Yoga helps one reconnect with the body, giving the opportunity to discharge accumulated stress and anxiety, and restoring the human organism to safety. Sabrina Seronello’s story paints this picture: she was on active duty in the Air Force from March 2000-March 2006, working as a medic in the emergency department of a Level 1 trauma center at Wilford Hall Medical Center, Lackland AFB. Sabrina deployed to Iraq in January 2005 to the Air Force Theater Hospital, a Level III (injured patients and emergency operations) trauma center. Given what she saw and experienced taking care of the wounded in Iraq, and being a victim of sexual assault while in active duty, she had been suffering anxiety and panic attacks. Upon returning from Iraq she was introduced to yoga and saw how it helped her deal with post-traumatic stress, anxiety and depression. In 2013 she started teaching a regular weekly yoga class to incarcerated veterans at San Quentin State Prison in CA under the Prison Yoga Project.
Trauma-sensitive yoga programs are becoming more available at domestic violence shelters, and universities are offering them for survivors of sexual assault. Caitlin Lanier was sexually assaulted during her freshman year of college. This assault led to issues with anorexia, cutting and otherwise trying to numb her uncomfortable feelings. According to Caitlin, “those were just outward manifestations. Inside, I felt broken, ugly, lost, like I couldn’t trust anyone, and so sad.” Caitlin has recently pioneered several trauma-sensitive yoga programs in the Boise, Idaho, area, including at a domestic violence shelter, and at Boise State and the College of Idaho. She also trains local yoga teachers on the neuroscience of trauma and how to integrate trauma-sensitive practices into their teaching. She has woven breathing techniques and mindfulness into a weekly support group for survivors of domestic violence that she co-leads with a licensed clinical social worker.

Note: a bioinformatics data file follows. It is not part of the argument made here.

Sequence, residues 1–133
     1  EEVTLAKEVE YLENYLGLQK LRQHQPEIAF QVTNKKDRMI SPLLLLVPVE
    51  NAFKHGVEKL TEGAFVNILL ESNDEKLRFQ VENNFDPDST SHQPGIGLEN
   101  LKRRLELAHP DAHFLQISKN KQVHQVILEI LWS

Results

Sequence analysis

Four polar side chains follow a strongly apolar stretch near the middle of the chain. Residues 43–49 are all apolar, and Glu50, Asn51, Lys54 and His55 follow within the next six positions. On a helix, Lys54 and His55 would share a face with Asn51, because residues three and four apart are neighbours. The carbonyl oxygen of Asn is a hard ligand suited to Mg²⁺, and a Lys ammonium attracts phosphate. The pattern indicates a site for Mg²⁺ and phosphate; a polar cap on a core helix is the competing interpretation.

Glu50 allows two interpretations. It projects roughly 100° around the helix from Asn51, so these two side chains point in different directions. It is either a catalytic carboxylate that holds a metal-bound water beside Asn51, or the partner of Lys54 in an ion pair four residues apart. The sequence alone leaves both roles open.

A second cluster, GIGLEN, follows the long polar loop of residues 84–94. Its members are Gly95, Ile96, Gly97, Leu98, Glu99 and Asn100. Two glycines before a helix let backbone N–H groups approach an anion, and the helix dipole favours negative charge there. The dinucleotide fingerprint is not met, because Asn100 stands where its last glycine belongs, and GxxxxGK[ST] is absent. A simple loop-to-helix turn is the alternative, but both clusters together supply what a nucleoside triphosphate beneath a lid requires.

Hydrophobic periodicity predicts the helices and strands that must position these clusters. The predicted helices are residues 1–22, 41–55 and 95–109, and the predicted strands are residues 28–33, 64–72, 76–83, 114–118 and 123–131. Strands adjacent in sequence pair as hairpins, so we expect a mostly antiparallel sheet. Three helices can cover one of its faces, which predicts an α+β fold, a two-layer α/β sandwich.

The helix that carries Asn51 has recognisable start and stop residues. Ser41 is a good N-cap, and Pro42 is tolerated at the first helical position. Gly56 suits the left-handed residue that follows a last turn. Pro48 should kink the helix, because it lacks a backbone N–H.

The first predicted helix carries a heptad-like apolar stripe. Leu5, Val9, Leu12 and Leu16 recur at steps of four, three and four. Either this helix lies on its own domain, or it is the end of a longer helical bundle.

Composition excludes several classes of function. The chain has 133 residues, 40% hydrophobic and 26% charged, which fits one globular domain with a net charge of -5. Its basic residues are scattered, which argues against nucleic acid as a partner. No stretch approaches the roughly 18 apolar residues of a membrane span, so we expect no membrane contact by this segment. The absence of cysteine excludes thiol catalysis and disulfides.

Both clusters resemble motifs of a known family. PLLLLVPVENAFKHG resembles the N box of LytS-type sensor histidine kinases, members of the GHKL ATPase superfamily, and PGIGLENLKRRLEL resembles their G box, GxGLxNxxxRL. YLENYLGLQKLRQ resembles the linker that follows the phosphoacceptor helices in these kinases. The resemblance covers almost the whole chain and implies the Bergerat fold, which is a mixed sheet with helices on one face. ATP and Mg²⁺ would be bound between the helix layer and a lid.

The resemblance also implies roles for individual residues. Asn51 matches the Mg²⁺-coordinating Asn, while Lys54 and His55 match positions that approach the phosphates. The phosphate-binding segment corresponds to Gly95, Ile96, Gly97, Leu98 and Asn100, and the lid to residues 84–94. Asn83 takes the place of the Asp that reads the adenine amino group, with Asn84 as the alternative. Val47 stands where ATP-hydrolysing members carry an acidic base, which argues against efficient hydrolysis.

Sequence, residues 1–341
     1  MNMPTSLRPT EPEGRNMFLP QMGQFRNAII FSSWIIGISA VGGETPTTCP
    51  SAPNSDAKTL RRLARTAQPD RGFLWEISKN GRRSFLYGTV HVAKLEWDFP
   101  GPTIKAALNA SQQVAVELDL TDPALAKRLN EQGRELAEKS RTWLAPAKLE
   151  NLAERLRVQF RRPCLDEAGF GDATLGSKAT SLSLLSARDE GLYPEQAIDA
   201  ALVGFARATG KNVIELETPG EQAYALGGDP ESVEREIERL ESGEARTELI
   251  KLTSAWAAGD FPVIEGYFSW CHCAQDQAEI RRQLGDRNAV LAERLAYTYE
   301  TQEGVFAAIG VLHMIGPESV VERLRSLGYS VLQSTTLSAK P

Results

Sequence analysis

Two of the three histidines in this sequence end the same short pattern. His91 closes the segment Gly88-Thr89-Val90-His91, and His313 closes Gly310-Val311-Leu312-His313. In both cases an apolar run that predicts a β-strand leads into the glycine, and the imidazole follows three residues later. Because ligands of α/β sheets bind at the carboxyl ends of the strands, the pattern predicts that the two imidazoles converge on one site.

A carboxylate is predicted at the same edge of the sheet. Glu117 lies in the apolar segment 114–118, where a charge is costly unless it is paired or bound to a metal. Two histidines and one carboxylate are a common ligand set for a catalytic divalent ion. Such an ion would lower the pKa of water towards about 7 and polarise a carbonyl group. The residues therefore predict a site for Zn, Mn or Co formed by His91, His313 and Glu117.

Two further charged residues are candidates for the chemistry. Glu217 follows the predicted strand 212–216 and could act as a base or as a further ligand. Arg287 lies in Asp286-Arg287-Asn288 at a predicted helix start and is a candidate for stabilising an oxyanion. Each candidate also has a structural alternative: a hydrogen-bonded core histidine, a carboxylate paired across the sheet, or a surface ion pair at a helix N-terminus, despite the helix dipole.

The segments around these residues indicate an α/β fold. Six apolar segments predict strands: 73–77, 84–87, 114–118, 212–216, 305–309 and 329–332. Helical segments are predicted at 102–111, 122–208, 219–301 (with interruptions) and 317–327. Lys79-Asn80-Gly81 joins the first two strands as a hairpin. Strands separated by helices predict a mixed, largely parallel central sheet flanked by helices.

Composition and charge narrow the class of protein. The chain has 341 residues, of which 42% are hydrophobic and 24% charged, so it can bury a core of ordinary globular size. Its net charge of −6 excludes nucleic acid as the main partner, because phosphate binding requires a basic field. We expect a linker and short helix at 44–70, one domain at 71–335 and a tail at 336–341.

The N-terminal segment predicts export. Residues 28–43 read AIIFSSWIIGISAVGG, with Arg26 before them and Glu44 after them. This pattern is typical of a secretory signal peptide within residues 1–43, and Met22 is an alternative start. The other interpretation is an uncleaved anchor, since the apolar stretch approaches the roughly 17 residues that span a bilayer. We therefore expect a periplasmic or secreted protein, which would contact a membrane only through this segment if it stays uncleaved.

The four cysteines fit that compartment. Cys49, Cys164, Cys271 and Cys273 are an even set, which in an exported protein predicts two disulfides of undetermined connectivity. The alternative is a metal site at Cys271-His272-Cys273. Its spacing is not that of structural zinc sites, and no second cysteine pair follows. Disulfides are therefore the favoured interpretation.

People with post-traumatic stress (PTS) who practice yoga report better sleep, improved focus and concentration, less anger and irritability, and exhibit an overall greater ability to enjoy life in the present moment. The Mindful Yoga Therapy has been found to be especially helpful for veterans who are also participating in evidence-based psychotherapy for PTS. “Yoga is like a gyro that brings me back into equilibrium when dealing with the effects of my disorder,” says Paul, a Vietnam War veteran.
Yoga for Prisoners
Breath work, three extended exhales, is part and parcel of the Prison Yoga Project protocol for addressing symptoms of un-discharged traumatic stress, according to James Fox, Founder and Director. He says “the extended exhale serves as the body’s built-in release valve to discharge stress and anxiety.” This is confirmed from current and former prisoners at San Quentin State Prison who have been part of the yoga program. “It was mainly because of the inner peace and trust that I have developed and nurtured through my yoga practice that I was able to respond to a confrontational situation with calm.”—B.B. Or “I’m able to stay grounded by getting into my breathing which takes my focus off stressful, traumatic events such as flashbacks. It keeps me mindful mentally and physically and enhances my self control.” –D.B.
Yoga & Eating Disorders
Finally, yoga can become a game-changer in combating eating disorders. An estimated 24 million Americans suffer from an eating disorder (anorexia, bulimia, or binge eating). Chelsea Roff took her first yoga class at the suggestion of a therapist just a few months after getting out of the hospital for eating disorder treatment. “The short story is that yoga brought me to a place in my recovery that no form of talk therapy or medical treatment ever had before. Downward dog certainly didn’t cure my eating disorder, but the practice did teach me how to relate to my body in a more compassionate way. And more importantly, perhaps, going to yoga introduced me to community–to the people I soon came to consider family–and I suppose that’s exactly what I needed to fully step into recovery,“ she says.